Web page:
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African-American Experience in Vermont

01/21/08 12:00PM By Mitch Wertlieb
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African-Americans make up less than one-percent of Vermont's population. According to U.S Census data, it's a figure that's been stagnant for decades, while the state's Hispanic and Asian populations have been growing. In such a small state, and with such a homogenous population, what is the experience of being an African-American like today, and how has it changed? We talk with Willi Coleman, former University of Vermont history professor, former director of the school's ethnic diversity program, and former vice provost for University multicultural affairs. And we hear from current UVM History Professor Harvey Amani Whitfield.

Also, from 1909 until 1913, the 10th Cavalry Regiment made up of African-American enlisted men and white officers, was stationed at Fort Ethan Allen in Colchester, Vermont. The 10th was one of four regiments made up of African-American soldiers known as "buffalo soldiers." We talk with author and historian, Frank Schubert, about their accomplishments.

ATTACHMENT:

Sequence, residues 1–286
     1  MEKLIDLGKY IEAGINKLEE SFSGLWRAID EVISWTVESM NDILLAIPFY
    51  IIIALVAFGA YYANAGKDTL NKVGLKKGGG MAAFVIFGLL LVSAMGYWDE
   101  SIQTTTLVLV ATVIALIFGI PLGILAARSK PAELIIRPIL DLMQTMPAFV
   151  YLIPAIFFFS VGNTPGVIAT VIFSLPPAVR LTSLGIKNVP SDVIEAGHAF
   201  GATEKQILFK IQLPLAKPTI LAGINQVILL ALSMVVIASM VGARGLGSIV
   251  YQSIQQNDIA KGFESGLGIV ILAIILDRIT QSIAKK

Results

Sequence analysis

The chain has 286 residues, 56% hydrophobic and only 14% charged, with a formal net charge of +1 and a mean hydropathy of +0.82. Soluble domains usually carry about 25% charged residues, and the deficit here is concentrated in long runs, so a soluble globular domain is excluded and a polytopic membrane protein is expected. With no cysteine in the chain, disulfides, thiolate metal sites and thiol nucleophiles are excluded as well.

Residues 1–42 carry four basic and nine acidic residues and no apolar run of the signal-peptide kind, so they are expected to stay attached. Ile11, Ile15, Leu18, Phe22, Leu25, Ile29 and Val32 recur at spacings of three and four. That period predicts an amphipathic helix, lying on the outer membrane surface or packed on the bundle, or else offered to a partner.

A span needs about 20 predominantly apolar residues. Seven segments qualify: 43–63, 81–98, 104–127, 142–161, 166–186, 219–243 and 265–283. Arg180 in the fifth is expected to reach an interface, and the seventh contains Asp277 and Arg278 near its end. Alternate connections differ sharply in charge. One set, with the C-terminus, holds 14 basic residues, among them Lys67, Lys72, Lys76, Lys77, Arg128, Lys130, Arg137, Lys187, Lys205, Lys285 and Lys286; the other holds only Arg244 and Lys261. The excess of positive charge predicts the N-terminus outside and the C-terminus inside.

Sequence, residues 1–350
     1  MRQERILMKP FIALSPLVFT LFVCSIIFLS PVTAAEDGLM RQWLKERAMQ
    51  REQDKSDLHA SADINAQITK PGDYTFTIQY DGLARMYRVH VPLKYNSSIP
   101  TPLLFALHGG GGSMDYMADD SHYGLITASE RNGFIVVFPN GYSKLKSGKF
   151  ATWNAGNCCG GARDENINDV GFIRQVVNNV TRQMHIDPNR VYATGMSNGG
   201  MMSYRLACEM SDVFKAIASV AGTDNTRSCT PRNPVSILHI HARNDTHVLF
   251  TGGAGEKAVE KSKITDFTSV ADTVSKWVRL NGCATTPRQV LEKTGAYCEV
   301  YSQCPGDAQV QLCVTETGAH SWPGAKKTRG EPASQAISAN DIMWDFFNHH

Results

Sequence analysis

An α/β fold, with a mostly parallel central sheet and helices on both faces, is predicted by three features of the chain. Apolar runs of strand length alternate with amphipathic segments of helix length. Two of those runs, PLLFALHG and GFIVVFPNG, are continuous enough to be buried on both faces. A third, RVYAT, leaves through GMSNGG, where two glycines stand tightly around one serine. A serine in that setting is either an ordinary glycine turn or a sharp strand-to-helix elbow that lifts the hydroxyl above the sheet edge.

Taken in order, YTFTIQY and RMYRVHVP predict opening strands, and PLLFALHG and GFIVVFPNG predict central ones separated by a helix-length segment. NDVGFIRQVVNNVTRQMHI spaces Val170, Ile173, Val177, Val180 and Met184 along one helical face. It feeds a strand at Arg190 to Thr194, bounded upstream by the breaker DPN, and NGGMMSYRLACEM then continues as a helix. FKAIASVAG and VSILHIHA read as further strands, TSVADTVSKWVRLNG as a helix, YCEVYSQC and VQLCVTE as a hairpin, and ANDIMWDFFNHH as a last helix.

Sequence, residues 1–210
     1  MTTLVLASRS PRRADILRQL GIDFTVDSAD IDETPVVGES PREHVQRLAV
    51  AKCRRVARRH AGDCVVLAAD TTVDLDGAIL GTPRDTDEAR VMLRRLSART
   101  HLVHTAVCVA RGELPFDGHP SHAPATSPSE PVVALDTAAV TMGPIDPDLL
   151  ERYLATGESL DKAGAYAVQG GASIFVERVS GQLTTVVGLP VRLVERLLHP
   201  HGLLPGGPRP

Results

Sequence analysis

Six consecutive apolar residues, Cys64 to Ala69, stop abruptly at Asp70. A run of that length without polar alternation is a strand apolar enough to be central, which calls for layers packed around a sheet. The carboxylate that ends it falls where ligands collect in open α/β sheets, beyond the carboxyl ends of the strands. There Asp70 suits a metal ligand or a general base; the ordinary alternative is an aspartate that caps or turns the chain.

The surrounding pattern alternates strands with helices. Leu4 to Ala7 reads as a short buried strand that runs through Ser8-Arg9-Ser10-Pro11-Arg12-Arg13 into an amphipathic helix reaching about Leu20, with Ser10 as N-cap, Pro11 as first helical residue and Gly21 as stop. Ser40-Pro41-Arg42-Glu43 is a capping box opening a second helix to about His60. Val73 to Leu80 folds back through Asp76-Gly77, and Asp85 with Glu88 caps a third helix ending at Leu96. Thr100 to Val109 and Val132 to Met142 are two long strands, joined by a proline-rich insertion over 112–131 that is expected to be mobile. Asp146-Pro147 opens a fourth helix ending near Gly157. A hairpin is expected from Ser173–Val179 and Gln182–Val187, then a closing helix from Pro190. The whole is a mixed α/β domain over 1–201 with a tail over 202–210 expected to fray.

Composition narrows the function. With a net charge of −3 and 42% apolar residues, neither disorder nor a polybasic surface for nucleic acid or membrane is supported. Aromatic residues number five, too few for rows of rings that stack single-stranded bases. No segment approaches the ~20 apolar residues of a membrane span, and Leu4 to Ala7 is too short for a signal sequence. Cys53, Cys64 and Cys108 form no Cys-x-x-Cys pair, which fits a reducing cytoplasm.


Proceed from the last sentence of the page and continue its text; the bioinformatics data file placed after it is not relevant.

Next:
And, we return to Willi Coleman to hear a commentary on the significance of Martin Luther King, Jr. Day.

Related Links

Hear the interview with Willi Coleman and Amani Whitfield Vermont Buffalo Soldiers Hear the interview with Frank Shubert on the role of the "Buffalo Soldiers"
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